Sunday, 9 February 2014

Literary Assassination

November 2013 marked fifty years since the assassination of President John F. Kennedy in Dallas, Texas. I am always interested in how such moments in history were covered by the media and spent some time viewing old reports. Later I looked back to April 1865 and the assassination of Abraham Lincoln. Many parallels have been drawn between the two men and the number of coincidences surrounding both their lives and deaths.

One comparison which cannot be drawn between the two is in the media coverage. In 1963 instant communication methods meant the news was reported in the United Kingdom at almost the same time as it did in the USA. A century earlier it took days for the news to filter through and newspapers, at least in local terms, were produced weekly and reports of President Lincoln’s death appeared, in real time, after the ten-day search for John Wilkes Booth had ended in the killer’s death. This also tempered the mood of other reports: in 1963 even the sports pages lacked the usual exuberance, in 1865 columns went unchanged. Alongside the belated reports of the assassination and its aftermath I found the following stories.

No mention of Lincoln’s assassination was found in the first newspaper after the 14th April, news had yet to filter through. However the mood of optimism across the Atlantic was covered, with a mention of how American newspapers had seen the appearance of four eagles circling the Statue of Freedom atop the Capitol Dome in Washington DC. This could only mean a good time for all lay ahead under the new presidency. Note this was simply the local rag repeating what had been printed in US newspapers.

A rather odd story came from Prussian Poland, where but two passenger trains ran between Lissa and Posen each day. A similar number of livestock trains were seen daily but government legislation banned any human passengers save for the handlers of the livestock, for which a perfectly acceptable carriage was coupled up. There were no exceptions to this rule, even medical personnel had been turned away resulting in a number of deaths. It was not clear how many, if any, could have been saved had the doctor been allowed to travel. An enterprising German innkeeper saw a possible loophole and purchased advertising space at the station offering his goat for hire. For the equivalent of sixpence (equivalent of £2 today) for every station travelled in each direction this would allow any passenger to travel on the livestock train. The advert also pointed out the goat could be handled by anyone being “so tame it could be controlled by just a slender silk ribbon.”

Silly season sees all sorts of weird stories being covered. Yet surely we could never be so desperate as to include a conversation such as that following the announcement of an engagement. It seems the lady had been asked time and again just why she was contemplating becoming Mrs (name withheld), when he was clearly so different from other men? She responded the questioning with: “Well if he is very much unlike other men, he is more likely to make a good husband.”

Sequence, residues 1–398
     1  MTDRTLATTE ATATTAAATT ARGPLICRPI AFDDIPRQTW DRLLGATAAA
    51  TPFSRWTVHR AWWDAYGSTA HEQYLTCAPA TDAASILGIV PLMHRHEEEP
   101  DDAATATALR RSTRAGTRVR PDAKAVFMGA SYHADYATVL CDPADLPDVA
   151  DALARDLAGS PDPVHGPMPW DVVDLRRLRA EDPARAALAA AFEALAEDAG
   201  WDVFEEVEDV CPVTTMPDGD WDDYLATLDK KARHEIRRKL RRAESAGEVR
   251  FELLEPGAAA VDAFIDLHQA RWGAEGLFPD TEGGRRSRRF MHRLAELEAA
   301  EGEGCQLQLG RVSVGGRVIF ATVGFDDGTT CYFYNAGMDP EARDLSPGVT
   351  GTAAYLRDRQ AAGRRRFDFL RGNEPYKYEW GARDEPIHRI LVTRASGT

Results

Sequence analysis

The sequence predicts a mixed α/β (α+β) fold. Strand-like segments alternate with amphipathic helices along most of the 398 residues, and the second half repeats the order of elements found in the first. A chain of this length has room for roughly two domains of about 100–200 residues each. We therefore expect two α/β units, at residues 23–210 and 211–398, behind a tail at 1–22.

A similarly odd subject was covered in the story of a letter written by a lady from Bristol. It seems Alice had written to a well-respected gentleman of the city, stating how she had tried time and again to be formally introduced to a man she had admired from afar adding, “If you are wondering why a mere girl such as I would wish to meet a man of your stature, meet me at the post box outside the chapel at 7:30 that Sunday evening.” No Victorian gent could ever entertain leaving a young lady standing around and so he turned up. He was not pleased to discover he was one of between thirty and forty gentlemen milling around the post box trying to appear nonchalant. For reasons I have yet to fathom they were still there at 8:00pm when the congregation emerged from the chapel. It was suspected Alice was among those emerging from the chapel as there seemed to be a lot of giggling and glances in their direction.

Another post-war story was covered, that of a US deserter. An Irishman by the name of James Devlin, having enlisted with the Union Army, deserted and was subsequently reported by his wife, who collected the reward money. However he could not be found and no wonder for he had re-enlisted under an alias. This alias was also being sought as a deserter, furthermore his wife had also given evidence against her husband and claimed the reward money. Yet again the deserter could not be found, for Devlin had enlisted a third time under yet another alias and had been turned in by HIS wife who, you guessed it, had again received the reward money. What was proving to be a lucrative ruse came to light when Mrs Devlin found her husband had deserted her and was enjoying the ill-gotten gains with another woman. This time she gave factual details as to his whereabouts and he is subsequently arrested. However she regretted her actions when she witnessed him being led out to face the firing squad within the confines of the army camp on the island. It was said her screams and sobbing could be heard across the water on the mainland.

How many of these would be considered world headlines today?

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